D. The Three-Pulse Photon Echo Experiment
Tải bản đầy đủ - 0trang
292
Hamm and Hochstrasser
third light interaction. This photon echo is formed only under rephasing
conditions and thus gives rise to a t-integrated signal which exceeds that
in the nonrephasing direction. As delay time T increases, spectral diffusion
destroys the phase memory, and eventually the response functions 3lD1 Rl
and 6lD4 Rl become identical. In other words, the difference between the
rephasing and the nonrephasing signals is a measure of the time variation
of the inhomogeneous distribution.
The extraction of the required information from the data over the full
ranges of and T shall be explained in some detail here. In the experimental
setup used by us (31,41), the pulses k1 and k3 traversed computer controlled
optical delay stages, while pulse k2 was held ﬁxed in time. Thus, one of the
delay stages controlled the delay time ’ between the peaks of pulses k1
and k2 , while the second one controlled delay time T’ between the peaks
of the pulses k2 and k3 (see Fig. 3). The three pulses can be time ordered
in six ways (see Fig. 4). The Feynman diagram for the six permutations
are given in Fig. 2. The permutations (123), corresponding to T0 , 0 > 0,
and (132), corresponding to T0 C 0 > 0 > T0 , give a rephased part of the
echo signal since interchanging pulses 2 and 3 does not change the signal
under the k1 C k2 C k3 direction. Likewise, the response functions for
the nonrephased parts of the echo signal [(213) and (312)] and those for
(321) and (231), which are neither rephasing nor nonrephasing and which
have no correspondence in a photon echo experiment on a electronic twolevel system, have the same responses. When the delay times are controlled
by variations in T0 and 0 , the six time orderings can be arranged in the
quadrants spanned by these time coordinates as shown in Fig. 4. It is readily
seen from Fig. 4 that independent continuous scanning of T0 and 0 in this
space over the complete time ranges encounters the unwanted permutations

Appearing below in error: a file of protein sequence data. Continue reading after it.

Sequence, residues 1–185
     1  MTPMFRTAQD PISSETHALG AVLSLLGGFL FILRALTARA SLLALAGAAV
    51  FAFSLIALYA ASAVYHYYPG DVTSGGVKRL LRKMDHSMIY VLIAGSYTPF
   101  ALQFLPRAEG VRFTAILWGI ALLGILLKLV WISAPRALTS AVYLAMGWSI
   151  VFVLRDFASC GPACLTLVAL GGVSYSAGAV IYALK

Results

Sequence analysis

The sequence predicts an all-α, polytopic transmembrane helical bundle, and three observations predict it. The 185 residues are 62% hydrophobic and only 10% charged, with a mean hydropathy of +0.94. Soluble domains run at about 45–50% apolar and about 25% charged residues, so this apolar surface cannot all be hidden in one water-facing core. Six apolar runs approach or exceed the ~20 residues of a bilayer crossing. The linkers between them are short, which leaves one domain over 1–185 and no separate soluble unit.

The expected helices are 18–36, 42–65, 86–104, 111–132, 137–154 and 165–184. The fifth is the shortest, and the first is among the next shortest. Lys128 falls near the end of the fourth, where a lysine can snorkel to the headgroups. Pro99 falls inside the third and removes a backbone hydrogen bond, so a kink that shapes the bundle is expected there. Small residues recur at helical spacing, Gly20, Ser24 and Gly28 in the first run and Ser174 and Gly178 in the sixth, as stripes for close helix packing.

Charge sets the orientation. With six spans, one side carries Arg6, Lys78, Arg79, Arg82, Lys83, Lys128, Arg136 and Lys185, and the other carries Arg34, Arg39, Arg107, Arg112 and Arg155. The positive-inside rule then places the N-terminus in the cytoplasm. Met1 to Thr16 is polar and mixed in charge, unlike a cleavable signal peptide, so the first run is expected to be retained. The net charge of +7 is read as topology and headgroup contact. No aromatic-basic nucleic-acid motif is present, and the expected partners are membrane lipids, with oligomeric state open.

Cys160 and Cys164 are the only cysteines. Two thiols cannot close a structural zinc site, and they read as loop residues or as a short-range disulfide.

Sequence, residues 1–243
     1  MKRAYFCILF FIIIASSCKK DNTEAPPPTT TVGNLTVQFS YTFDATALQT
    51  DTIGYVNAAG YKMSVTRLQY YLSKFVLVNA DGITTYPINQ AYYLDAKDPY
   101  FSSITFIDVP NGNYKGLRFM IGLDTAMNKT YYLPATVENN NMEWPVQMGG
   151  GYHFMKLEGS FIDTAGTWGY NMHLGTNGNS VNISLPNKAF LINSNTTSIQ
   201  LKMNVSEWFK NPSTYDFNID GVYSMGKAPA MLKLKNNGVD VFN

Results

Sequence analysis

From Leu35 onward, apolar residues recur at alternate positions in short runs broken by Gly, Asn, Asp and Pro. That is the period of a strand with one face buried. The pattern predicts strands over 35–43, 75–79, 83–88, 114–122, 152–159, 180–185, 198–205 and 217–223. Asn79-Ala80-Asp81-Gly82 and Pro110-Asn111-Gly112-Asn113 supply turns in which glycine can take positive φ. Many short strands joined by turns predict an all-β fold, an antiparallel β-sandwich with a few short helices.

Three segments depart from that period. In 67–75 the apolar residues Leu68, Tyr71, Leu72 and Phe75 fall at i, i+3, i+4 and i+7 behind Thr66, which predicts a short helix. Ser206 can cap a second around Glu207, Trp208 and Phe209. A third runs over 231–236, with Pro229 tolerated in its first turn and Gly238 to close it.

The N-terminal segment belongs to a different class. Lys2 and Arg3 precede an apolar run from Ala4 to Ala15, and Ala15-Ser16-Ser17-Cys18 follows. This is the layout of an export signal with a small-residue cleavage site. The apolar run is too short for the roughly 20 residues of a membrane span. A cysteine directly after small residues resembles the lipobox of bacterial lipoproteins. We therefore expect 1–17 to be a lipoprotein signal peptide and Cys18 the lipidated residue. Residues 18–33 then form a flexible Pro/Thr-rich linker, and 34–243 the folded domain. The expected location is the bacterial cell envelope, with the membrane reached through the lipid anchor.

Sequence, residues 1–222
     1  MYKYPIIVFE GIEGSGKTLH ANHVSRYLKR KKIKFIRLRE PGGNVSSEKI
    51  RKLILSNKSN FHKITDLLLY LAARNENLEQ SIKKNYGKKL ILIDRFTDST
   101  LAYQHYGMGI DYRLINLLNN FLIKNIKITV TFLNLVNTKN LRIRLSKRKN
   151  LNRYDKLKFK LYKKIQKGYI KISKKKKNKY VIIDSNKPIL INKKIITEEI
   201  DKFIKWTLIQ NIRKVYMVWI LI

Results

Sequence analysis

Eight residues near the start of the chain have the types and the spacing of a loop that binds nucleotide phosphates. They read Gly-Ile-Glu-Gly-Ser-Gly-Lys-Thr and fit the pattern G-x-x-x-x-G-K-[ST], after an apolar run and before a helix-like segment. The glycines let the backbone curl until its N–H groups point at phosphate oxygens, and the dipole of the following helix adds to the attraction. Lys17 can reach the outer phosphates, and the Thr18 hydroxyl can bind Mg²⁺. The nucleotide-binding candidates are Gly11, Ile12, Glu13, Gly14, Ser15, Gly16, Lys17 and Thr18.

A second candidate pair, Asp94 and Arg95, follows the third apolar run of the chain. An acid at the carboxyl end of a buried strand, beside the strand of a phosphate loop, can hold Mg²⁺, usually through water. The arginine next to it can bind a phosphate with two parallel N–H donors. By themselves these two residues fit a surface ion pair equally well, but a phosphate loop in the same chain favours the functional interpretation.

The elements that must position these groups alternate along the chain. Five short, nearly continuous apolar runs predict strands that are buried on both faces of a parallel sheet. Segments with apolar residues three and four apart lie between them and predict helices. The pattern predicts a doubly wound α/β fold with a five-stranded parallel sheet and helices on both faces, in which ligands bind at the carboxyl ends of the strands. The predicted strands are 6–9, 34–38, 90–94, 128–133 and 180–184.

(231) and (321), and there is no simple continuous scan mode that just
picks out the desired rephasing and nonrephasing Feynman diagrams. This
is why we use instead the coordinate set and T, where denotes the
positive or negative separation between the peaks of pulses k1 and k2 , and
T denotes the positive separation between the second and third pulses. Thus
T measures the separation between k3 and k2 if > 0, while if < 0 it
measures the separation between k3 and k1 . The coordinate transformation
between T0 , 0 and T, can be made either during the experiment by moving
only one stepping motor for > 0 and both for < 0 or by rearranging
the data afterwards in the computer. The former method was used by the
Fleming group (19) and the latter method by us.
If the laser pulses were inﬁnitely short (υ-shaped), and T would be
identical to t1 and t2 [see Equation (16)] and the discontinuous coordinate
Copyright © 2001 by Taylor & Francis Group, LLC
Proteins and Peptides
293
Figure 4 Distribution of all six possible time orderings, labeled (ijk), onto the
four quadrants spanned by time coordinates 0 and T0 (shown for the k1 C k2 C k3
phase matching direction).
transformation would not cause any difﬁculties. However, in reality, when
the pulse width is ﬁnite, this transformation is somewhat arbitrary, since
it introduces a discontinuity at D 0 into a process, which, of course, is
perfectly continuous. This representation of the data is nevertheless chosen
throughout this paper [and also by other authors (19)], since the transformed
coordinate system emphasizes the equivalence between the set of time coordinates , T and t1 , t2 . The latter set of time variables is the one used when
representing nonlinear processes in the form of Feynman diagrams (see
Fig. 2), so that using the transformed coordinate system and T is physically intuitive. However, it should be kept in mind that these sets of time
coordinates are not identical, but they are connected by the convolution of
the response functions with the electric ﬁelds [i.e., Equation (16)].
The photon echo (rephasing) signal can be compared with the reverse
photon echo (nonrephasing) signal by scanning the delay time from negative to positive delay times or by collecting the signals in the k1 C k2 C
k3 and the Ck1 k2 C k3 phase-matching directions (13,14,16–18,31,41).
Both procedures switch from the sets of graphs R4 R6 to R1 R3 , and
both procedures are often used simultaneously. In the work on electronic
Copyright © 2001 by Taylor & Francis Group, LLC
294
Hamm and Hochstrasser
photons, (13,14,16–19,99,100) the asymmetry between the rephasing and
the nonrephasing signal usually has been measured with the help of the
so-called peak shift, which is deﬁned as half the time between the peak of
the k1 C k2 C k3 signal for > 0 and the Ck1 k2 C k3 signal for < 0.
This procedure is perfectly adequate in the case of electronic transitions,
since there is always a peak shift >0 when there is inhomogeneity. The